Griffin Dix and his wife, Lynn, sued Beretta, alleging that the pistol was defectively designed because it lacked an indicator that would show if a bullet was in the chamber and didn’t have devices that locked out unauthorized users. The Dix family also settled a $100,000 claim against Soe’s parents. 

Five years ago, an Alameda County civil jury ruled in favor of Beretta, but in 2000, that verdict was overturned due to jury misconduct. 

Dix blamed this week’s verdict on what he called “intransigent jurors. Some of them could only see the misuse of this gun and the way it was stored by the father. They got hung up in some language in the jury form that they had to fill out. 

“But others of them recognized that the design of the gun ultimately contributed to my son’s death. So I still think we have a good chance of winning the case. The point is to try to prevent these unintentional deaths that are caused by defective designs of guns.” 

Since his son’s death, Dix went to work for Physicians For A Violence Free Society, a San Francisco-based organization that lobbies and advocates for various violence-prevention issues. 

Dix said he’ll continue to work to have handgun manufacturers change the design of their weapons, and to ban the sale of all guns that do not have such features installed. 

“There are two research studies that say that one-fourth of unintentional shootings would be prevented if guns had chamber-loaded indicators and what’s called a magazine disconnect safety device,” Dix said. “You take out the magazine and the gun won’t fire, even if there’s a bullet still in the chamber. One-fourth of all unintentional shootings would be about 200 lives a year could be saved in the United States if we had these safety features.” 

Dix said that Beretta had designed a gun with a lock built in, but while it is being advertised by the company, it is not on the market yet. 

And he said that bad news is on the national horizon even if he wins the next round of the lawsuit. “The House of Representatives has already passed a bill, and there are 54 sponsors in the Senate that would give the gun industry a special, unique exemption from these kinds of lawsuits lawsuits. Some of them say these lawsuits are frivolous. The truth is, they really don’t want them to go in front of juries and for juries to see the facts.”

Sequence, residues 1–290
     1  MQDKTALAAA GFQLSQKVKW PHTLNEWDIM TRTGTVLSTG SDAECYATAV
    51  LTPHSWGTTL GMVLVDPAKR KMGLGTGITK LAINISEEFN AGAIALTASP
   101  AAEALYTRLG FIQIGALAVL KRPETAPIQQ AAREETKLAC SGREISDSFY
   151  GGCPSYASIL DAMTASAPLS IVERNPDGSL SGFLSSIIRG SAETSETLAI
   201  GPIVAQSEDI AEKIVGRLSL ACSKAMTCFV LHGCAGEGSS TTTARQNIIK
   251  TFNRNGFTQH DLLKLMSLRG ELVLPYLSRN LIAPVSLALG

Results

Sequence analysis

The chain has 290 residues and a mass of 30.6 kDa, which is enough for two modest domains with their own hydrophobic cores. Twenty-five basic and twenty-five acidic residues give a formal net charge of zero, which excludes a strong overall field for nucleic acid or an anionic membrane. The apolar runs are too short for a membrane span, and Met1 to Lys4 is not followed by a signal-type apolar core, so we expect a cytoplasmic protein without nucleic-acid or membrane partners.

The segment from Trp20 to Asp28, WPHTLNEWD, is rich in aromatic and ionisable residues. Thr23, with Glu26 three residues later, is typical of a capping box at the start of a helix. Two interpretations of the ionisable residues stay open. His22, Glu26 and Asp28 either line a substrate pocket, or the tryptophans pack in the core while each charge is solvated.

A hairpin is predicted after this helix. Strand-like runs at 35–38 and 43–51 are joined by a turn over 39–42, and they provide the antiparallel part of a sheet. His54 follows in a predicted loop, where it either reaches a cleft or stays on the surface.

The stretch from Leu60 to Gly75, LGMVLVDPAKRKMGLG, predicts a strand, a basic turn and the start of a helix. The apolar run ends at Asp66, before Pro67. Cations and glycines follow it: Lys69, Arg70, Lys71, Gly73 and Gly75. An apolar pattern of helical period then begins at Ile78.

The Twelve Days of Halliburtonmas

Friday December 26, 2003

On the twelfth day of Halliburtonmas, my true corporation gave to me: twelve no-bid contracts asmellin’. 


On the eleventh day of Halliburtonmas, my true corporation gave to me: eleven cost overruns arunnin’. 


On the tenth day of Halliburtonmas, my true corporation gave to me: ten insurgents insurgin’. 


On the ninth day of Halliburtonmas, my true corporation gave to me: nine CFOs acookin’. 


On the eigth day of Halliburtonmas, my true corporation gave to me: eight tanker trucks overchargin’. 


On the seven day of Halliburtonmas, my true corporation gave to me: seven war profiteers aprofitin’. 


On the sixth day of Halliburtonmas, my true corporation gave to me: six Pentagon auditors awhitewashin’. 


On the fifth day of Halliburtonmas, my true corporation gave to me: five broken pipelines. 


On the fourth day of Halliburtonmas, my true corporation gave to me: four bawling Kurds. 


On the third day of Halliburtonmas, my true corporation gave to me: three French freezeouts. 


On the second day of Halliburtonmas, my true corporation gave to me: two dead doves. 


On the first day of Halliburtonmas, my true corporation gave to me: a chickenhawk in a date palm tree. 


James K. Sayre 


Notes From The Underground: Festive Alternatives for Ringing in the New Year

By C. Suprynowicz
Friday December 26, 2003

å If you think a proper New Years Eve can only be had by weaving your way to San Francisco and back, praying for safe passage, think again. Plot Wednesday evening properly and you can sidle from one Berkeley nightspot to another—getting your fill of food, drink, and revelry—without ever getting near a cab, a limo, or your own endangered set of wheels. 

Starting off downtown, Rhonda Benin and Soulful Strut play at 9:30 p.m. at the eponymous restaurant. For those who haven’t been, Downtown is an upscale eatery hanging off the edge of what Berkeley is calling its theater district. 2101 Shattuck Ave., 649-3810. 

Less pricey, and certain to be more raucous, is the trouble that’ll be perpetrated right across the street that evening at Jupiter’s New Year’s Eve party, featuring Glider performing “eclectic rock” at 9 p.m. 2181 Shattuck Ave., 848-8277. $10.  

San Pablo Avenue is the Bowery of Berkeley. It has escaped the face-lift and collagen that are making over the center of town, and retains the funky charm that I remember from my own landing here 20 years ago. If the streets down in the flats are not glamorous, the ambiance is warm and inviting inside the Albatross, a local watering hole that has always reminded me—in the best way—of an English Pub. Founded in 1964, there’s often live music at the Albatross, always several dart games underway in back, always popcorn in the popper, always single-malt at the bar and Guinness on draft. Their plan for New Years Eve is the Fourtet Jazz Quartet, 10 p.m.-1 a.m. 1822 San Pablo Ave., 843-2473 or www.abatrosspub.com. $5, including midnight champagne and party favors.